The institutionalization of kingship and the development from kingship to monarchy as individual rule were the two most important developments for understanding the concept. However, as Thomas Zoltz shows, the establishment of only one successor can by no means be understood as a linear process towards absolutist rule. The succession of the oldest son was first and foremost the result of a weak king who was no longer able to spare territories for his younger sons. Weak or strong kings had other social effects, too. In a compelling essay, David Nirenberg describes the ambivalent relationship between kingship and Jews. While the ever more potent rulers of western Europe pursued politics of expulsion, the weaker kings of eastern Europe practiced more tolerant politics towards Jews until the early modern period. On the other hand, seminal developments like the rise of an administration located in one fixed place, and new political ways of thinking that no longer focused on the concrete ruler but rather on the institution he represented, shaped the preconditions for what is still known as absolutist rule in the early modern period. Malcolm Vale describes how, as early as the thirteenth century, concepts of sovereignty and lèse-majesté had evolved; Stefan Weinfurter stresses the importance of the perception of the Holy Roman Empire as holy for the development of kingship as an institution separated from the church; and Martin van Gelderen looks at the decline of the notion of a universal monarchy.
The volume concludes with three essays on the development of monarchy during early modern times. Albert Cremer questions once again the accuracy of the term "absolutism." While Matthias Müller, using the example of the architecture of royal palaces, demonstrates how important it remained for dynasties to refer to their ancestors and thus to tradition in their building programs, Martin Kirsch focuses on Napoleon I and the establishment of constitutional monarchy as a type of government that radically rejected traditional patterns of kingship and which acquired immense importance in almost all European states prior to the twentieth century.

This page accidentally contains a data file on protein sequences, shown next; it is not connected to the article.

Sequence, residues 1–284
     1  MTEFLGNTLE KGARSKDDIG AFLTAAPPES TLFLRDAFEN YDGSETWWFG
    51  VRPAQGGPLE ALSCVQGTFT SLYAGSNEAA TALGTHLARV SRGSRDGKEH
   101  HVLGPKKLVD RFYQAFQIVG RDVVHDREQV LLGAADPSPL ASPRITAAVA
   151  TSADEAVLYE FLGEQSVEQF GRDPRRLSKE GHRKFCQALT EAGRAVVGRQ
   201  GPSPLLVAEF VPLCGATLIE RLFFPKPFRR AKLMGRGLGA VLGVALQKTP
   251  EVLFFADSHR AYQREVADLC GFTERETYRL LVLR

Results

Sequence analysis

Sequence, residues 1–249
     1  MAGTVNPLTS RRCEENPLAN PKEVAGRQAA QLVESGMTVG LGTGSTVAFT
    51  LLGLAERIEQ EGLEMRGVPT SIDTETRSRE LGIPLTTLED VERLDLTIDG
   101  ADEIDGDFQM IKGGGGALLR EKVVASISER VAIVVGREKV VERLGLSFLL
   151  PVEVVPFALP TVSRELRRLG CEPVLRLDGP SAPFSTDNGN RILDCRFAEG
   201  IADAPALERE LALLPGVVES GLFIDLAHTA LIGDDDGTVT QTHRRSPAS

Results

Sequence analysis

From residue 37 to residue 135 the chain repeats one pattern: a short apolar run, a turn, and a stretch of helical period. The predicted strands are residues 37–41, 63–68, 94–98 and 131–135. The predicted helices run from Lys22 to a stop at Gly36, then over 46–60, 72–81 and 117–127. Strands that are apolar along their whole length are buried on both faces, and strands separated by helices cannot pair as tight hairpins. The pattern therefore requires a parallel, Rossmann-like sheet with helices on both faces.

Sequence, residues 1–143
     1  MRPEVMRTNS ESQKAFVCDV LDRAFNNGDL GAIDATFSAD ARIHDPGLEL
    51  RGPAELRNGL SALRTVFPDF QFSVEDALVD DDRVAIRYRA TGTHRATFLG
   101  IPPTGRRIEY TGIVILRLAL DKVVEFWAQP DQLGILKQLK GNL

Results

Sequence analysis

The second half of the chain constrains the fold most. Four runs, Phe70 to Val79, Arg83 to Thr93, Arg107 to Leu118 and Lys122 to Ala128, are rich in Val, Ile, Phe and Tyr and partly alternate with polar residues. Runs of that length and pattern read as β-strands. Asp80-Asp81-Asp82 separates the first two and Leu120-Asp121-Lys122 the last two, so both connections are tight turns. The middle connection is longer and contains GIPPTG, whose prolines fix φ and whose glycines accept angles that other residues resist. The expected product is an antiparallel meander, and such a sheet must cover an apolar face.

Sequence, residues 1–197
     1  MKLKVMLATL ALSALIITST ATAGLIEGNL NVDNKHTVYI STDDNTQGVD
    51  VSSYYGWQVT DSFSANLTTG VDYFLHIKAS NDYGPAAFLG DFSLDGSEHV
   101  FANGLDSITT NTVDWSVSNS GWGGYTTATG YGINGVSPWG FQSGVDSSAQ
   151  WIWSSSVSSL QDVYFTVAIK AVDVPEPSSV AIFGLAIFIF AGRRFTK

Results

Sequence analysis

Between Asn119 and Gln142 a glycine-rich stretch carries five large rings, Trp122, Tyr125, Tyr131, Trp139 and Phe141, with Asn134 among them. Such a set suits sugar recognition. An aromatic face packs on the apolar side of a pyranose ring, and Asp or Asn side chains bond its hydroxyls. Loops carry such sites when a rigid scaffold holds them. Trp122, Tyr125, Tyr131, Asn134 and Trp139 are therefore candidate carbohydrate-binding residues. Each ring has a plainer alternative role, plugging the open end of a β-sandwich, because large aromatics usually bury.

In sum, this is an unusual--in the positive sense--collection of essays. The great majority of the articles demonstrates the impressive methodological achievements of medievalist historiography in analyzing premodern forms of rule as phenomena in their own right. Almost necessarily, this analytical focus means that the volume is not always as coherent in terms of periodization as its title suggests. The limits of the approach become particularly evident in the sections on the early modern and modern periods. Nonetheless, this volume outlines a fascinating topic for further, extendedresearch and invites additional bold attempts at a synthesis, though one that will ultimately remain partial.
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Martin Kohlrausch. Review of Jussen, Bernhard, Die Macht des Königs: Herrschaft in Europa vom Frühmittelalter bis in die Neuzeit.
H-German, H-Net Reviews.